This is the first time that this tiny republic has appeared at an Exhibition, but it may be said that it has succeeded in gaining a very honourable place at the first attempt. It is true that it has the good fortune to have as its minister in Paris Mr. Baron de Alméda, who is a man of wit and good taste, and - what does not spoil anything - very rich.
The pavilion of the Dominican Republic, built by Messrs Courtois and Suffit, architects, covers an area of about 200 metres. The cost amounts to about fifty thousand francs, provided by the Republic as well as by individuals and members of the Committee of which Baron de Alméda is the president.
The visitors will find in the interior of this pretty pavilion samples of all the products of the country; wood of the islands, coffees, cocoa, sugars, tobaccos, ores, waxes, etc., and, what is more worthy of note, manufactured products, such as soaps, rums, alcohols, etc.
The various districts of the Dominican Republic: Santo-Domingo, Puerto-Plata, Samana, Azua, Bayahouda, etc., made a point of taking part in this Exhibition, as did a large number of traders from Le Havre and Paris who have business relations with this country.
Guide Bleu du Figaro et du Petit Journal 1889
This part of the island of Haiti or Saint-Domingue, was formerly, under the name of Hispaniola, in a very great state of prosperity. It extends over two thirds of the island.
The capital, Santo-Domingo, which today has 12,000 inhabitants, was a superb city built in 1496, shortly after the arrival of Christopher Columbus who landed in San-Salvador, named Guanahani, on October 12, 1492, Christopher returned to Spain via Cuba, Haiti and Puerto Rico. He left many traces of his passage in the island of Santo Domingo.
The State, which corresponds to the former Spanish colony and today has 150,000 inhabitants, wanted to take part in the great international commercial tournament of the Exhibition, on the initiative of its minister in Paris, Baron de Alméda, to whom much of the success of this particular exhibition is due, which he has presented with rare intelligence.
For this exhibition is doubly interesting. Firstly, because of its products, and above all because of the proof that this region is making every effort to recover its former splendour. Let the political revolutions cease, and the future looks bright for the Dominican Republic!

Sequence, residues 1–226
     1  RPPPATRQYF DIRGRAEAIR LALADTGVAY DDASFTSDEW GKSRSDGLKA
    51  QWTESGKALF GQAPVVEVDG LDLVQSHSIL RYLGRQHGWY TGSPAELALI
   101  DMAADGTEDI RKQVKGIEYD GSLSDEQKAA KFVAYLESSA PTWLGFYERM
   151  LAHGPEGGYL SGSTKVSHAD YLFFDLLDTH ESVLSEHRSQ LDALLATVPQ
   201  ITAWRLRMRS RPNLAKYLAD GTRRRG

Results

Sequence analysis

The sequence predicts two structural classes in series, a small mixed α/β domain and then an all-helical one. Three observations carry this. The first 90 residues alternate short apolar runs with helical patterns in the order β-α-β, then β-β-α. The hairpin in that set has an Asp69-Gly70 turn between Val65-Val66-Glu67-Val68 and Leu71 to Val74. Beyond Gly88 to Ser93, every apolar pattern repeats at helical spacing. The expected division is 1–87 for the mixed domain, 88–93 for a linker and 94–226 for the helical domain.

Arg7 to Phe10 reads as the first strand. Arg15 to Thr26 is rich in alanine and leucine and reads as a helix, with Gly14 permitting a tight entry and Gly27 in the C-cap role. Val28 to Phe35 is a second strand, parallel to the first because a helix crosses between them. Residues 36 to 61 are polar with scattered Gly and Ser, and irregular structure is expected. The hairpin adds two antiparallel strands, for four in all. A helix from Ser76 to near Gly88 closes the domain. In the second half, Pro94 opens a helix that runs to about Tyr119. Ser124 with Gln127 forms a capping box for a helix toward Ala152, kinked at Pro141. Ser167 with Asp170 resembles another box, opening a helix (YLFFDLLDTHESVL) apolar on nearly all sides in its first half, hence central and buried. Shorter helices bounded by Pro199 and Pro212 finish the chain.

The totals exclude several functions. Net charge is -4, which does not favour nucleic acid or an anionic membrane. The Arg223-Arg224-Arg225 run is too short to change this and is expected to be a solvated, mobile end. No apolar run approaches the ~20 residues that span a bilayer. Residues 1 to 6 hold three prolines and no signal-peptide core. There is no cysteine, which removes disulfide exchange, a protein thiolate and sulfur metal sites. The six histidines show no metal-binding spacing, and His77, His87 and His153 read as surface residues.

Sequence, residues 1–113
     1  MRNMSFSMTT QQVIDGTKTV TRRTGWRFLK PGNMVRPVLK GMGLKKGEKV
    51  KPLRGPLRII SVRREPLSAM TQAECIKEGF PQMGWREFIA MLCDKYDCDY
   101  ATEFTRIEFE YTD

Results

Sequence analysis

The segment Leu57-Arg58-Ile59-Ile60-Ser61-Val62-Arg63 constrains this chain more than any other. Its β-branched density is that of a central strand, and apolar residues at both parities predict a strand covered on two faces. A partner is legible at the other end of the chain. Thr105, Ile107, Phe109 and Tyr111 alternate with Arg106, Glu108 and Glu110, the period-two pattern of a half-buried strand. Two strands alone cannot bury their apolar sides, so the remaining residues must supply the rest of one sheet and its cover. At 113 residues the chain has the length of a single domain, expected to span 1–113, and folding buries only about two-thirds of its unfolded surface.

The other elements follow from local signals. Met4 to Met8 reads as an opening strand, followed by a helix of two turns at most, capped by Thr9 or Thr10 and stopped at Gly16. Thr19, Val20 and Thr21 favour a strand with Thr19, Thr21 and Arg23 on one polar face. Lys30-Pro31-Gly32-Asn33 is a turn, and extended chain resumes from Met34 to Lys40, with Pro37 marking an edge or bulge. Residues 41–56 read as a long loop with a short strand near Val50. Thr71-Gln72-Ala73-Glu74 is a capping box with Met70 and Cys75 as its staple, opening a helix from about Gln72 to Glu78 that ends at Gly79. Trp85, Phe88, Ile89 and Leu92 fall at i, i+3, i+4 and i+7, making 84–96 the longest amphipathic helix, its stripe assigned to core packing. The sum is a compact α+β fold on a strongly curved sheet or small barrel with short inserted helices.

Indeed, there are not only natural products there, but also the products of real industries, very important.
First of all, there is a very fine exhibition of wood, especially furniture wood: mahogany, cedar, coabanilla wood, a hard wood similar to the pear tree, sangano wood and quebrahacha, which can compete with the most beautiful rosewoods. Dubois de gayac, which is used to make the rudder wheels of boats.
The centre of the island, very mountainous, including the Cibao massif dominated by the Yaque peak, contains quantities of various mines. The soil is cultivable up to the top of these volcanic mountains.
There are mines of rock salt, phosphates and especially gold quartz mines, which are very rich in precious materials.
Thus the gold-bearing quartz of the Mana concession contains 39-92 - and up to 300 grams of gold per 1,000 kilograms and those of the Santa-Rosa concession: 650 grams of gold per 1,000 kilograms.
These various mines are all grouped around the town of Santo-Domingo. To the north are the Mana and Isabella concessions, to the northeast the Anacona concession, to the northwest the Santa-Rosa concession.
The alluvium of the Isabella River is also auriferous. Several photographs show the negroes washing these alluviums to remove the small nuggets of gold. There are even some rather large ones removed in this way; one of those exhibited is about the diameter of a 50-franc coin, but three times as thick.
There is also a very fine exhibition of local animals, birds with bright plumage, especially used for ladies' hats. There is something for every taste, from the simplest to the most eccentric. There are red ibises, lophophores, manucods, purple herons, superb gulls and grey pelicans. Several houses in Paris exhibited these products from Santo Domingo.
And as a counterpart, another house exhibited leather goods made from crocodile skins, also from this region, as well as the latest objects made from tortoiseshell, of which there are very nice samples.
But all this is natural products, let's move on to industrial products.
First, there is sugar. The exploitation of sugar cane is now done on a very large scale. There are several companies. Of course, rum is also produced in fairly large quantities, as well as ordinary alcohol.
Sugar cane (saccharum offîcinarum) is a very valuable grass, as it provides many things for the natives. It has a stem of 3 to 4 metres in height. The lower part of the stem contains the sugar product, the proportion of which is 17 to 20/0. The top of the plant is cut off before it flowers and is used to make cuttings.
In addition to the rum, a kind of wax called cerosia is also extracted from the cane. There are huge blocks of this wax in the Dominican exhibition. Finally, the fibres of the cane are used to make cloth and clothes.
The coffee of this country is a mixture of bourbon and especially mocha. It is still one of the main branches of trade in the country, as well as cocoa.
The soap industry has made great progress, especially in Samana.
Apart from cane wax, there is also beeswax.
Finally, the preparation of tobacco is one of the most prosperous branches of the industry and produces excellent cigars.
The main cities that have exhibited are: La Vega, Monte-Christo, Macoris, Agua, Santo Domingo, Puerto-Plata, Samana, Moca, Santiago-Santa-Cruz.
General Ulises Heureaux is the current president of the Dominican Republic.
Good luck to the reborn industry of this small Republic!
©Livre d'Or de l'Exposition - S. Favière.